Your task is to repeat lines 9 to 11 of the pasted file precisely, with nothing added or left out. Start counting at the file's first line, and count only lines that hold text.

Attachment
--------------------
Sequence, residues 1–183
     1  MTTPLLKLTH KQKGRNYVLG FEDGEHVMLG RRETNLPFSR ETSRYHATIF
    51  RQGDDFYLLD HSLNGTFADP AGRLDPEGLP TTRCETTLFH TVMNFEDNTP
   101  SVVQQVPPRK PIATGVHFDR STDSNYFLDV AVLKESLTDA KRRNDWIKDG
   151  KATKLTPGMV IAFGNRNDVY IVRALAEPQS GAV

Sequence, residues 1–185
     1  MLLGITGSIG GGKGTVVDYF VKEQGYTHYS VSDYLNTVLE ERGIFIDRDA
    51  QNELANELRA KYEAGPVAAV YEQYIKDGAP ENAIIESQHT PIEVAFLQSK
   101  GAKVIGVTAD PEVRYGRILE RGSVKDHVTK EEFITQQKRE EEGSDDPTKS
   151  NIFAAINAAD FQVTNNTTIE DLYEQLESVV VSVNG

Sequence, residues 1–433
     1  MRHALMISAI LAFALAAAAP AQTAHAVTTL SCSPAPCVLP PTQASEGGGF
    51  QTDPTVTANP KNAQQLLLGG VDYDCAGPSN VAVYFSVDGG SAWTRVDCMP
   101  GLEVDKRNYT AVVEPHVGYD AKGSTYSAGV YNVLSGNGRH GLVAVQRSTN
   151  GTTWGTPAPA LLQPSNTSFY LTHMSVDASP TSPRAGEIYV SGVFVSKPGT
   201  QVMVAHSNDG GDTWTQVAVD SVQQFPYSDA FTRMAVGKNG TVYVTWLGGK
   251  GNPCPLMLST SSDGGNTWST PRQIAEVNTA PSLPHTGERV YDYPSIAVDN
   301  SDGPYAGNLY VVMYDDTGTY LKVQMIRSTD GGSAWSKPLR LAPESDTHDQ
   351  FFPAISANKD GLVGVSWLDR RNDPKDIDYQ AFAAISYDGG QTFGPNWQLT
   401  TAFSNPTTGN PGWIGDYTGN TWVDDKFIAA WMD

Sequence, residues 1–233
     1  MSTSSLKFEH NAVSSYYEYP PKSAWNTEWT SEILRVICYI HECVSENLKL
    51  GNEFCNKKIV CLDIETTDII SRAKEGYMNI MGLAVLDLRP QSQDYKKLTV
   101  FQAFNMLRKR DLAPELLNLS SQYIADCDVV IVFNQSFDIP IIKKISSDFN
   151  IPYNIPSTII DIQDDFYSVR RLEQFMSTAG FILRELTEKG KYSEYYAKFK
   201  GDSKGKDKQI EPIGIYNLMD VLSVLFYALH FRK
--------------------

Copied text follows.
   101  GAKVIGVTAD PEVRYGRILE RGSVKDHVTK EEFITQQKRE EEGSDDPTKS
   151  NIFAAINAAD FQVTNNTTIE DLYEQLESVV VSVNG

Sequence, residues 1–433